I finally got to play with a netbook today, an Acer Aspire One running Windows XP with 1GB of RAM and a 160GB hard drive, and I was impressed. As a travel computer, it would do just about everything I, or most business or personal users, need. There wasn't a live WiFi connection in the store where I was trying the Acer out, so I couldn't test the computer's performance with streaming video, and there's no DVD drive, so I'd have to rip a DVD onto a USB flash drive if I wanted to watch a movie on an airplane. To me, those are relatively minor limitations.
The Aspire One that I was looking at was priced at $399. There were bigger notebooks with much larger screens and keyboards for a couple of hundred dollars more, but for my money, a computer like the Aspire One would be an ideal travel computer, far more cost-effective than either the Mac Book Air or Lenovo X300. The Aspire One and similar computers are so cheap that they're "sacrificial"; so long as you have a good backup solution, if they break, it's often cheaper to buy a new one than to get the existing one repaired.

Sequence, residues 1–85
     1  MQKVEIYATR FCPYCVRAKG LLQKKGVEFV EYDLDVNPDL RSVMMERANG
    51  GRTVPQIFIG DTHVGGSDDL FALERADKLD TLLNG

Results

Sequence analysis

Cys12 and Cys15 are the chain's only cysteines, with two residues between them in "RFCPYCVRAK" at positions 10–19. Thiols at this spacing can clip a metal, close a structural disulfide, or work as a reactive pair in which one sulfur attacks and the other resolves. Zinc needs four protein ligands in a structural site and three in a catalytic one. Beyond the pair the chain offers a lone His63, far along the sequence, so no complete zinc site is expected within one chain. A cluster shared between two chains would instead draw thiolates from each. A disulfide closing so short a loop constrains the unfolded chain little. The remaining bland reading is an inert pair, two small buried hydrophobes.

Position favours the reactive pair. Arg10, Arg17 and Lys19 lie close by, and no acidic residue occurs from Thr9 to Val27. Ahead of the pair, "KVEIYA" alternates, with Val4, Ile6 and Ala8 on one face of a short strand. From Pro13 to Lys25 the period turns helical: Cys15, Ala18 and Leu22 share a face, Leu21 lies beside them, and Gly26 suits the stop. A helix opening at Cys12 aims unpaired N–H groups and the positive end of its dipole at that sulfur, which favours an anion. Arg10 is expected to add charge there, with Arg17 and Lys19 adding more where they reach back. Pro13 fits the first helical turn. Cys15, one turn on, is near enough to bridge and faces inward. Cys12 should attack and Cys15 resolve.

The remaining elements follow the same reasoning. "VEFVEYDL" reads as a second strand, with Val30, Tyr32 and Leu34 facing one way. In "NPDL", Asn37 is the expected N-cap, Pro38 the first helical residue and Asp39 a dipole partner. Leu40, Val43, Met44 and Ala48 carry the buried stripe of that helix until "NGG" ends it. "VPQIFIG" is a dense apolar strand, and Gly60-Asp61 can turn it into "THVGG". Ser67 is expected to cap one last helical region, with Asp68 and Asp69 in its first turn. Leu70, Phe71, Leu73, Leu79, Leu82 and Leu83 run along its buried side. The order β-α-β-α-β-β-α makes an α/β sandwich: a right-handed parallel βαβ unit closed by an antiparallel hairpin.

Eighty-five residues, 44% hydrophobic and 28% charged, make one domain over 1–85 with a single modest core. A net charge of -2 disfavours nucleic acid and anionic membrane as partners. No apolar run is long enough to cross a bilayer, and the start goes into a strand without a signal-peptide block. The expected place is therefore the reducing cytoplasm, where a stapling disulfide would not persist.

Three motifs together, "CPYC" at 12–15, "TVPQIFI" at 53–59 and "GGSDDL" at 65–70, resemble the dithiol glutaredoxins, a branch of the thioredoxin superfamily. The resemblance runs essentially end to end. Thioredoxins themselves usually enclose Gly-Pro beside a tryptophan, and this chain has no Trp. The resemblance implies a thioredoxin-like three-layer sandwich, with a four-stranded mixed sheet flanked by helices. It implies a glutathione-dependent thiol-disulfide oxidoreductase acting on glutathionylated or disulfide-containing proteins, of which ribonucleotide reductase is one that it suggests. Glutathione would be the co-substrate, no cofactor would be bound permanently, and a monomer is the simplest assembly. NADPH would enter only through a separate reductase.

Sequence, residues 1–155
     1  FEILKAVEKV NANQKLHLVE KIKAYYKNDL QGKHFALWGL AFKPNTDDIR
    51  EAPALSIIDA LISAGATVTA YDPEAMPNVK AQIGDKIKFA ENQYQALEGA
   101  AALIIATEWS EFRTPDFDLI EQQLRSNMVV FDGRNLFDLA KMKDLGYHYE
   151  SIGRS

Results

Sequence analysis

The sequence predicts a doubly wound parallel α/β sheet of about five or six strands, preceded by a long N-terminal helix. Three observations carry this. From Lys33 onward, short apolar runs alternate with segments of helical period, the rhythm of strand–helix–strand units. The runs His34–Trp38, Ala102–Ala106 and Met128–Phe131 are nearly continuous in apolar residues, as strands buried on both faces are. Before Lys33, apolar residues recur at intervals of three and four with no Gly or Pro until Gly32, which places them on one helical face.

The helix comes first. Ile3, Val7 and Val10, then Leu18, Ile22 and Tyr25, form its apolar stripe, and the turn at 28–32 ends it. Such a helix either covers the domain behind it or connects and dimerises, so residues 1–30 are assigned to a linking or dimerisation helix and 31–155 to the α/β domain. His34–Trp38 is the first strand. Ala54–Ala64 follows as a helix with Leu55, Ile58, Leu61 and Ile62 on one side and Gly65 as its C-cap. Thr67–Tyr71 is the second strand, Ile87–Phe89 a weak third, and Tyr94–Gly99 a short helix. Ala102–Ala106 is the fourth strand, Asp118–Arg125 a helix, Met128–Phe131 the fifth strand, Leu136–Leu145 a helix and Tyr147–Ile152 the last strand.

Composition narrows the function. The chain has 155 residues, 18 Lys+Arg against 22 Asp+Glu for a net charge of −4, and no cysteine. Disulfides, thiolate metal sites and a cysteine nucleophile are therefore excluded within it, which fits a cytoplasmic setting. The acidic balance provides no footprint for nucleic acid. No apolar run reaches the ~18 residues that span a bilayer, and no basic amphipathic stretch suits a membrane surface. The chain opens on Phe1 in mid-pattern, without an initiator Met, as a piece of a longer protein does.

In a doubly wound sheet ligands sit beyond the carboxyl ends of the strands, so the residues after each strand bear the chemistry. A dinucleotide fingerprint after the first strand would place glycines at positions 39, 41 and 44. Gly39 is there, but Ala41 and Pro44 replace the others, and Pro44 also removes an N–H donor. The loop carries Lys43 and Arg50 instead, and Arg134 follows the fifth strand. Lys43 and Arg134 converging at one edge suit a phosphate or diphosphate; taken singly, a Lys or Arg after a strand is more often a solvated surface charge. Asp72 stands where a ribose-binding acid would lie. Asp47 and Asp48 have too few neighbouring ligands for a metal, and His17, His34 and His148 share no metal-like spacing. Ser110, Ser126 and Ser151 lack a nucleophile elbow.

All that said, I probably wouldn't want to edit a webpage or run Photoshop on a netbook, but that's not what they're designed for. For the kinds of things that you're likely to do when traveling, a netbook is fine.